By Boris Groendahl and Marc Jones
VIENNA (Reuters) - The financial crisis is not over and governments have more to do to pull banks off state support, although no euro zone country should default on its debt, European Central Bank officials said on Friday.
ECB Governing Council member Ewald Nowotny told reporters at a trade union conference that government action was needed to wean banks off the emergency supply of cheap cash the bank has provided since the crisis erupted in late 2008.
That added to the impression that the fate of some euro zone banks -- particularly in Ireland and Portugal -- is now back at the forefront of investors' and policymakers' concerns, even after the agreeing of new stricter rules on capital last week.
Axel Weber, the head of Germany's Bundesbank and another ECB council member, said there was still work to be done on making sure no banks were so big they could not be allowed to fail in future and said regulation would have to renewed regularly.
"The financial crisis is still with us. We are not in year one after the crisis, we are in year four of the crisis," Weber said in a speech at the European Business School.
"Moral hazard is present in the financial system... I want to get to a situation where the term 'too big to fail does not exist'. Banks have to be able to fail, but it must be able to happen in an orderly way."
A cloudier global growth outlook has also reignited worries about the sustainability of the economic recovery.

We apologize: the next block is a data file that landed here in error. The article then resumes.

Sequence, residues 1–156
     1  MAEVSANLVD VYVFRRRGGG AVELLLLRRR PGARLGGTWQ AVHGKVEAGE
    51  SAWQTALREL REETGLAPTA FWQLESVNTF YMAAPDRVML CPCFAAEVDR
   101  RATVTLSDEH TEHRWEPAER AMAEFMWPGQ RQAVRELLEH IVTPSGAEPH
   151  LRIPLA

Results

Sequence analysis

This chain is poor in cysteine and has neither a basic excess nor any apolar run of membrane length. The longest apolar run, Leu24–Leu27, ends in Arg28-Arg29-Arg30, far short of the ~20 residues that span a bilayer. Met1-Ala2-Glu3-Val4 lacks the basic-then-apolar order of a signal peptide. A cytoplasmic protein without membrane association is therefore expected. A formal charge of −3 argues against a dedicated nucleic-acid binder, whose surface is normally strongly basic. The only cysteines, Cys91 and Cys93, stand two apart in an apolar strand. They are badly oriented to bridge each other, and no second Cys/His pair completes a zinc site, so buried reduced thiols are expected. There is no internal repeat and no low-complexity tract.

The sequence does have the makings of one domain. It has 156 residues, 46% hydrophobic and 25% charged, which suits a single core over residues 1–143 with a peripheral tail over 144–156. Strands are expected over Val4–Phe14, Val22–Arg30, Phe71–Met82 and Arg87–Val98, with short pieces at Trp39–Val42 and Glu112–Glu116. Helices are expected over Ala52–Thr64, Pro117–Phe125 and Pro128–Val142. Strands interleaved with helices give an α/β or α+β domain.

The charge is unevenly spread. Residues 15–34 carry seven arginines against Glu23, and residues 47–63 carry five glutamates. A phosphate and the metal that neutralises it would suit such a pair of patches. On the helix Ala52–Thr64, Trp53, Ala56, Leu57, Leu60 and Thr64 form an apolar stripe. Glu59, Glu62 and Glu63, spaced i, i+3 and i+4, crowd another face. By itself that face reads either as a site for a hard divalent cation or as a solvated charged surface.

Ireland has taken a hammering on markets -- and pushed out spreads of other countries perceived as at risk -- over the growing cost of bailing out its banks, crippled by the collapse of its property boom.
Weber said that although markets were pricing in an eventual sovereign default by Greece, none of the euro zone countries would default.
"A sovereign default in the euro zone will not happen ... A lot of money has been put on the table (by governments) but it comes with strong conditionality," Weber said.
"Greece has to stay an absolute exception," he added, referring to the huge European Union/International Monetary Fund aid package Greece received to solve its debt problems, which were covered up until earlier in the year.
Also in Vienna, the newly installed European stability fund's head Klaus Regling said it was unlikely to be used and even in such a case would only be a stop gap to allow governments breathing space to carry out reforms.
The 440 billion euro fund, laid out in early May at the height of market panic over the euro zone's debt crisis, was not a solution for embattled countries' structural problems.
"My central expectation is that the EFSF will not need to lend money," Regling told the conference.
"The EFSF can only buy time when it provides loans; the countries themselves must improve their fundamentals."
The head of the Organization for Economic Cooperation and Development, Angel Gurria, said the world economy was proving weaker than it had previously expected in the second half and countries should consider pushing back austerity measures if that weakness persists.
"We had forecast a weakening of the recovery in the second half. The question was how weak was it going to be. And I have to say I think it's been weaker than we thought," he said.
"In the short term the weakness can be dealt with (by) the prolongation of some of the monetary accommodation in some countries. But if we see that there is a permanence of the weakness perhaps then one can delay the entry into force of the measures of fiscal consolidation."
(Reporting by Marc Jones; additional reporting by Martin Santa, editing by Patrick Graham)